No Boris bounce for Brexit campaign as Remain pulls ahead

Boris Johnson's backing for the campaign to leave the EU has so far failed to have any significant impact on the referendum battle, with 'Remain' still ahead both in the polls and with bookmakers.

Johnson's announcement gained blanket coverage in the press at the start of the week with many commentators suggesting he had "electrified" the Leave campaign. However he was subsequently savaged by David Cameron in the Commons, with the prime minister implying Boris had only backed Brexit because of personal ambition. The latest data shows that overall he has failed to switch the fundamentals of the race.

Despite some previous polls suggesting that Johnson could be an important factor in deciding people's vote, polls released since his announcement have failed to show any significant boost for Leave. One poll, conducted by YouGov between Sunday and Tuesday this week, found support for leaving the EU had actually dropped seven points to 38% since the start of the month. The latest poll of polls puts Remain ten points ahead of Leave by 55% to 45%.

Punters were even less impressed. Perhaps surprisingly, analysis by the betting exchange 'Matchbook' actually found a bump of two per cent for 'Remain' in the betting markets following Johnson's announcement. This was on top of another eight per cent boost for 'Remain' following David Cameron's announcement of his EU deal at the weekend.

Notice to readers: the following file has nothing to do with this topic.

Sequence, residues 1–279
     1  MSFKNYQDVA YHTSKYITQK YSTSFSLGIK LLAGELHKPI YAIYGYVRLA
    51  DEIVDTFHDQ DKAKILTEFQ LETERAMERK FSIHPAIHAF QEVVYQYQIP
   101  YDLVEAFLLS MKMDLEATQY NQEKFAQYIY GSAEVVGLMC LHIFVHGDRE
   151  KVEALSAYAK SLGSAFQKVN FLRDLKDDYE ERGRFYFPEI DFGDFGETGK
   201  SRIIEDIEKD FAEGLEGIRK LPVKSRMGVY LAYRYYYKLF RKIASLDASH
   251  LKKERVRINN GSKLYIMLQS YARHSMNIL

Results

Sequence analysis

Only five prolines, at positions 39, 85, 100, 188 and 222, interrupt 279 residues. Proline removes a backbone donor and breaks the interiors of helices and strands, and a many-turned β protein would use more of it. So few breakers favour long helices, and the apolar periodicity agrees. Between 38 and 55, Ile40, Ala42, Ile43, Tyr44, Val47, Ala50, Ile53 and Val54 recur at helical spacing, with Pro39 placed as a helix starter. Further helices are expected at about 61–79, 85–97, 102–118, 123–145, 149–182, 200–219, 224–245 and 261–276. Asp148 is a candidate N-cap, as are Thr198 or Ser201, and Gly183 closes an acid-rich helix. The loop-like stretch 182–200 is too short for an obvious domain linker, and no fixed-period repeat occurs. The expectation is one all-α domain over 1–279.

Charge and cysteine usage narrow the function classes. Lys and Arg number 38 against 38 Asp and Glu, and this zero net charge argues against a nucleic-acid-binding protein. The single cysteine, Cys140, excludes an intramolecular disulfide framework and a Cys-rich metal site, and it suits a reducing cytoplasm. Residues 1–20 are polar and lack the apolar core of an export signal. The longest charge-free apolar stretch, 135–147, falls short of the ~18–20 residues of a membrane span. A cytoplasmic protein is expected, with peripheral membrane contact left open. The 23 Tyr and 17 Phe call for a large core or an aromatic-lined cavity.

Overall, bookies estimate the implied probability of the UK staying in the EU at around 72%, up several points from the start of the week.

Pollsters are continuing to find a big difference between polls conducted by phone and those conducted online, with the latter finding much more support for Brexit.

However, polling experts say that the underlying data heavily favours Remain.

One pollster, which found a one-point lead for Leave this week, released an editorial explaining why the fundamentals still overwhelmingly favour the campaign to stay in the EU.

YouGov released data showing that voters currently believe Brexit will damage Britain's economy, cost jobs and harm our influence in the world. They also found evidence that the Remain vote has greater potential to win over undecided voters than the Leave campaign.

Many commentators have questioned Boris's motivation for backing Brexit despite previously telling friends that he is 'not an Outer'. Others have questioned exactly how hard he will campaign in its favour given his commitment not to debate other Conservative politicians on the issue.

Boris's enthusiasm may depend on how winnable he believes it is. One City Hall source tells me they overheard the London mayor this week jokingly describing the Brexit campaign as a lost cause. The evidence from pollsters and bookies this week suggests he could be right.